“So we will be using it much more … we just never had the staff to be able to do that,” she said.
Fleck was unable to say when exactly she first got in contact with the province as the whole event was a “complete blur.”
“It was coming so fast, and nobody was ready for what we saw,” she said.
Like Blackburn, Fleck agreed that communication at all levels is crucial during an emergency event.
“In any crisis event, communication is the most important thing that we need to do, and it’s often the one thing that kind of slides a little bit, which is not good,” she said.
“We always take our lessons learned and look at those. So communications can always be improved at every level – whether that’s staff, different levels of government, with the public – there’s always room for improvement, every single time.”
John Lohr, the minister responsible for emergency management in the province, said the provincial coordination centre was responding to requests from municipalities when the alerts were sent out.
“In the context of what was an extraordinarily confusing situation … I think all of the emergency service providers just did an outstanding job of dealing with, really, what was an unprecedented event.”
“In terms of how the (provincial coordination centre) responded, I’m satisfied we turned those requests around as quick as we can.”
Lohr added that municipal, provincial and federal coordination centres work very closely together to respond to emergency events.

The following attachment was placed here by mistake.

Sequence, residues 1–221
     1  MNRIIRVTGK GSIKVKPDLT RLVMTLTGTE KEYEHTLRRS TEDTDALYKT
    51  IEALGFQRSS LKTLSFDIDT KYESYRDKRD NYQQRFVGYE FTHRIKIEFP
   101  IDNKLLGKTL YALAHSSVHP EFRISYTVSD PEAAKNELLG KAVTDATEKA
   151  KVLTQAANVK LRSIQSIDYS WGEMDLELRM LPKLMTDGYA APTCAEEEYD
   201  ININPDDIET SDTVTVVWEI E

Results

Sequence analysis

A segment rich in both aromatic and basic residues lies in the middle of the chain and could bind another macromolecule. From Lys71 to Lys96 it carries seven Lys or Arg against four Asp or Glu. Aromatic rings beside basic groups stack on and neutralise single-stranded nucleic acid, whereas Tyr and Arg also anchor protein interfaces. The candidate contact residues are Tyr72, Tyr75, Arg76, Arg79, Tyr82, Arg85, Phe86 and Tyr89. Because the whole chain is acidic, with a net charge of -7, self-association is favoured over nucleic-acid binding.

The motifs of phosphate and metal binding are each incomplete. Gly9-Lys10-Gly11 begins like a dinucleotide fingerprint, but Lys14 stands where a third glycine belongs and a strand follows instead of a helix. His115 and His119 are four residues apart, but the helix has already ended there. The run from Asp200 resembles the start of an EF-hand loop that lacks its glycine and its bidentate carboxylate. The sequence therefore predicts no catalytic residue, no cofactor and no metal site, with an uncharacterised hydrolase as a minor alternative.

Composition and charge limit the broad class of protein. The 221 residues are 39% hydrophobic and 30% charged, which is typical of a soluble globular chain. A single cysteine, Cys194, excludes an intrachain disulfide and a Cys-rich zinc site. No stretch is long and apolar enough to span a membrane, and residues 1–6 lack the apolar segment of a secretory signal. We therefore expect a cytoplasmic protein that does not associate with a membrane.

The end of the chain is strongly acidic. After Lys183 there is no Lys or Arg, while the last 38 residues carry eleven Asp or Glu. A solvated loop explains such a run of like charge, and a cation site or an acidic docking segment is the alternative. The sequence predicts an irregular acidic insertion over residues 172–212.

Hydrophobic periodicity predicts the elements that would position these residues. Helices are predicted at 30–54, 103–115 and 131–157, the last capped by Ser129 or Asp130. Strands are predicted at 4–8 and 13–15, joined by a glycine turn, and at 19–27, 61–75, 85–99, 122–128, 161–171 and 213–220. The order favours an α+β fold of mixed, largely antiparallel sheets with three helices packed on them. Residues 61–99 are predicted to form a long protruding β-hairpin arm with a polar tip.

“I think the issue was just responding to what was an entirely unprecedented situation that was not predicted in the forecast,” he said. “It was such an unprecedented and fast-moving situation.”
Fairbairn, the spokesperson for the Emergency Management Office, would not say how much time elapsed between when the province received requests from the municipalities, and when the alerts were actually issued.
“When an alert is requested, we do what is necessary to get the message out to Nova Scotians as quickly as possible,” she said. “Further details are not available.”
Nova Scotia Premier Tim Houston also said spotty cellphone coverage “remains an issue” following reports that some people in the hard-hit Hants County area did not get alerts on their phones.
“It’s something I’m concerned about, and I’m certainly not happy about the progress to ensure that there’s cellular coverage across the province,” he said. “There’s lots of work to be done.”
Houston said he’s had “significant discussions” with Develop Nova Scotia about what can be done to improve cellular coverage and hopes to see some quick movement on that.
Speaking with reporters Thursday, NDP leader Claudia Chender said the recent storm highlighted the “failure of our cell system across the province.”
“We’ve heard from so many people who literally were in fear of their lives and couldn’t make a phone call, and didn’t get the alerts,” Chender said.
“It’s clear from both this and the fires that we still have a ways to go in improving our emergency alert system, particularly given the black zones both for cell and internet that we have in this province.”
Braedon Clark, the Liberal MLA for Bedford South, said while no one predicted this level of storm, these major events won’t be “unprecedented for long.”
“We need to have a system in place in this province so that the moment these events happen, people get the information they need,” he said.